Now onto the academics- most of the time the teachers do their own thing ciriculum-wise which is usually better than what the distric itself, howard county, wanted us to do. 6th grade involves a lot of buysywork and application of reading stratagies. 7th grade focuses on a lot of logic and algebra-like thinking. 8th grade focuses on abstract thinking and proving things with effective arguments. These themes persist throughout the ciricula of all of the different subjects. If you can tolerate the homework, this school will be just fine. They train you to have two modes: Doing nothing and doing a week's worth of work in a day.
Socialy, fqms is pretty good. The kids here dont do drugs or make graffiti thanks to sufficient brainwashing almost every day in homeroom. Even though I am not that popular, I often do things that barely earn me detention and suddenly everyone is talking to me. Thats kinda good, but i wish that things were a bit more (for lack of a better word) spicy. We do different things every day, but if you look at the pattern monthly, I have been doing the same basic things every month for 3 years now. Usually once a month we watch a movie in each class, have a major group project, a major solo project, a review packet, and the rest is note taking and other random stuff. It is the best feeling in the world if by some miracle you manage to finish every single thing on your plate. That has not happened to me in 2 years (i had a very buys summer :P). Some days I wish that I could just go outside and lie in the grass and not think about anything... that is the ultimate goal that you work twords here at folly quarter but the tunnel keeps getting longer and longer... lol this is starting to sound depressing it is a school and you won't hate it but you won't like it either. (you being the student)
The school is just to centered around work without allowing us kids to have lives. The teachers sometimes dont understand that we have 7 classes AND homework for each class AND sports AND EC's AND social lives. It is hard to balance them all, but it feels good knowing that you can. This school teaches you how to work hard, but for all of the work that we get I can't go to the bathroom without filling out a sign-out log and getting it approved and signed by a teacher. As a 14-year-old doing four hours of homework a night and working longer days (6.5 hours plus 4 hours) than most Americans, I deserve the right to use Google and Youtube in school and not have to get passes to go everywhere. I used to go to 5th grade in a different school and I did much better work being able to go wherever I wanted to go to in school and talk to whoever I wanted as long as I got my work done. And I was 10... unbelievable. High School better not be like this. Close Quote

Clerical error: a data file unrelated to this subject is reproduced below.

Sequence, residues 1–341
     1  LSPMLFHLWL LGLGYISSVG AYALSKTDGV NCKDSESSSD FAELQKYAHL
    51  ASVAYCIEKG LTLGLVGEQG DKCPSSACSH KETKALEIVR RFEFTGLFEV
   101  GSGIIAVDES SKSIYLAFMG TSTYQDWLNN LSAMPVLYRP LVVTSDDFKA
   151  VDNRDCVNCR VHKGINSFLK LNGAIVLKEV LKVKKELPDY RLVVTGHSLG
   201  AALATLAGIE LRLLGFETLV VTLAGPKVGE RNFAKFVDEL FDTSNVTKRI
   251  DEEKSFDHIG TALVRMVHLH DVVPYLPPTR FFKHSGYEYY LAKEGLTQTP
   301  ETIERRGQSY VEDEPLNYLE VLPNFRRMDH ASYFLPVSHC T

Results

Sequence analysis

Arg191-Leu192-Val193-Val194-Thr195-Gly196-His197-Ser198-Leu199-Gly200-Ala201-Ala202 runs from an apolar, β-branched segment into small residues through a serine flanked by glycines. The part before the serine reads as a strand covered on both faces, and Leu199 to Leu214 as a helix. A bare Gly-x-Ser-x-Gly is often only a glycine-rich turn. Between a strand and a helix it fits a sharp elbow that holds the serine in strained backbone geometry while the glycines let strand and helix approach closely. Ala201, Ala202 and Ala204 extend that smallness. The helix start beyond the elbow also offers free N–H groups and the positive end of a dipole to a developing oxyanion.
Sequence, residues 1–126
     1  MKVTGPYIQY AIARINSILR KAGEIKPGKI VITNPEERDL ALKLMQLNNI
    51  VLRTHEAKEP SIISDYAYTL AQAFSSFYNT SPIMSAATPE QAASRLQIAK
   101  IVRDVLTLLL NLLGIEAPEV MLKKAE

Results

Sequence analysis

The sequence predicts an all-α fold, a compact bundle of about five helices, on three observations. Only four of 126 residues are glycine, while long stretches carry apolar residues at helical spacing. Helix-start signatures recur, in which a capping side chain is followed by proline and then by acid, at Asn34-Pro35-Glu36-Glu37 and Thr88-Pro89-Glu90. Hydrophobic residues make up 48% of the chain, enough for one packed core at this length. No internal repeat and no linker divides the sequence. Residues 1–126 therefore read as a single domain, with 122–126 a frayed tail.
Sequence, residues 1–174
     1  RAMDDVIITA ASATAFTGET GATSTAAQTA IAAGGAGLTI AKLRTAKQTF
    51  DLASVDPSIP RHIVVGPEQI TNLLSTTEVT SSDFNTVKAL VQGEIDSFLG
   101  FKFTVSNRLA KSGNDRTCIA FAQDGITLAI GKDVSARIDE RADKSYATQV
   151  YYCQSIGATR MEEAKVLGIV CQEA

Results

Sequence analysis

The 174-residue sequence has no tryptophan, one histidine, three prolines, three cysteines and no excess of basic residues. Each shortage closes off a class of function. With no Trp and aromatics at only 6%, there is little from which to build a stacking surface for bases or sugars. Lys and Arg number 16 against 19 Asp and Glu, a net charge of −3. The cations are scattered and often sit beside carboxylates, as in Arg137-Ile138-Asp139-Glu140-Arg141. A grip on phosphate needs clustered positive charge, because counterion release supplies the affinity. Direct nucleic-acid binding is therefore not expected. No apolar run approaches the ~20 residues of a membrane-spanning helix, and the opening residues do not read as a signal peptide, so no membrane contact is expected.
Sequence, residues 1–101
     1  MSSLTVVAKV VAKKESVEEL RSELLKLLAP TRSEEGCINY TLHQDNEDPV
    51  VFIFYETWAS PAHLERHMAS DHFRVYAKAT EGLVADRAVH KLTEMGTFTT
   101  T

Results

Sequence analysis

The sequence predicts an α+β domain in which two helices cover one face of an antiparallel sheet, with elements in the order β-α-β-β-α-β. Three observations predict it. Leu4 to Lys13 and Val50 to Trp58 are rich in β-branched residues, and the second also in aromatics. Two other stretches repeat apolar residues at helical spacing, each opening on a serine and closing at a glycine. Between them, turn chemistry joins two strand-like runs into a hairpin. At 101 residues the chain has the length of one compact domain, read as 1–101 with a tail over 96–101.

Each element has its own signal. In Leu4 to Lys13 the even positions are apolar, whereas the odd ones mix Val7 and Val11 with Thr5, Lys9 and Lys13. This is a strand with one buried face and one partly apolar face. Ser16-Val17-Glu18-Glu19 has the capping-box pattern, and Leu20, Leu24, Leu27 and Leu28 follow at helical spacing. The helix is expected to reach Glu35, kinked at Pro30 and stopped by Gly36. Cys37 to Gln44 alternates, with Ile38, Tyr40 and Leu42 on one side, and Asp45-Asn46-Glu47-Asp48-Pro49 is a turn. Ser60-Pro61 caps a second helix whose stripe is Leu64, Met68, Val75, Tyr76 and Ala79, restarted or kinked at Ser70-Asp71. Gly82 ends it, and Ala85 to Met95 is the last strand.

Enrollment information for Folly Quarter Middle

Year White African American Asian Hispanic American Indian Pacific Islander Two or More Races Not Specified Total
2004 566 36 54 6 1 n/a n/a 0 663
2005 540 28 56 3 1 n/a n/a 0 628
2006 534 29 58 2 2 n/a n/a 0 625
2007 457 29 69 2 2 n/a n/a 0 559
2008 462 40 68 7 0 n/a n/a 0 577
2009 444 34 59 15 1 n/a n/a 0 553
2010 441 35 53 19 1 n/a n/a 0 549
2011 421 35 59 32 5 0 26 0 578
2012 425 40 76 25 4 0 18 0 588
2013 396 30 79 18 4 0 32 0 559
2014 366 31 85 20 2 0 40 0 544
2015 366 28 98 19 1 0 50 0 562
2016 401 29 136 21 0 0 47 0 634

Data source: National Center for Education Statistics, U.S. Dept of Education.

About Enrollment/Ethnicity
For more information about how the Department of Education defines ethnicity, see Defining Race and Ethnicity Data, National Center for Education Statistics

Students eligible for free or discounted lunch at Folly Quarter Middle

Year # Students Fulltime Teachers Student/Teacher ratio % Free/Discounted Lunch
2004 663 44.5 14.9 2.4
2005 628 42.0 15.0 1.6
2006 625 45.0 13.9 1.4
2007 559 39.0 14.3 1.8
2008 577 41.5 13.9 1.6
2009 553 39.5 14.0 2.2
2010 549 41.0 13.3 1.6
2011 578 38.0 15.2 2.6
2012 588 37.0 15.8 2.9
2013 559 37.5 14.9 2.7
2014 544 35.5 15.3 3.3
2015 562 38.0 14.7 2.1
2016 634 40.0 15.8 2.8

Data source: National Center for Education Statistics, U.S. Dept of Education.

About Students eligible for discounted/free lunch
For information about the National School Lunch Program, see the USDA Website

Student/Teacher Ratio Folly Quarter Middle

Year # Students Fulltime Teachers Student/Teacher ratio % Free/Discounted Lunch
2004 663 44.5 14.9 2.4
2005 628 42.0 15.0 1.6
2006 625 45.0 13.9 1.4
2007 559 39.0 14.3 1.8
2008 577 41.5 13.9 1.6
2009 553 39.5 14.0 2.2
2010 549 41.0 13.3 1.6
2011 578 38.0 15.2 2.6
2012 588 37.0 15.8 2.9
2013 559 37.5 14.9 2.7
2014 544 35.5 15.3 3.3
2015 562 38.0 14.7 2.1
2016 634 40.0 15.8 2.8

Data source: National Center for Education Statistics, U.S. Dept of Education.

About Student-Teacher Ratio
Student/teacher ratio is calculated by dividing the total number of students by the total number of full-time equivalent teachers. Please note that a smaller student/teacher ratio does not necessarily translate to smaller class size. In some instances, schools hire teachers part time, and some teachers are hired for specialized instruction with very small class sizes. These and other factors contribute to the student/teacher ratio. Note: For private schools, Student/teacher ratio may not include Pre-Kindergarten.

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SchoolDigger data sources: National Center for Education Statistics, U.S. Department of Education, the U.S. Census Bureau and the Maryland Department of Education.

IMPORTANT DISCLAIMERS: Not all boundaries are included. We make every effort to ensure that school and district boundary data are up-to-date. But it's important to note that these are approximations and are for general informational purposes only. To verify legal descriptions of boundaries or school locations, contact your local tax assessor's office and/or school district.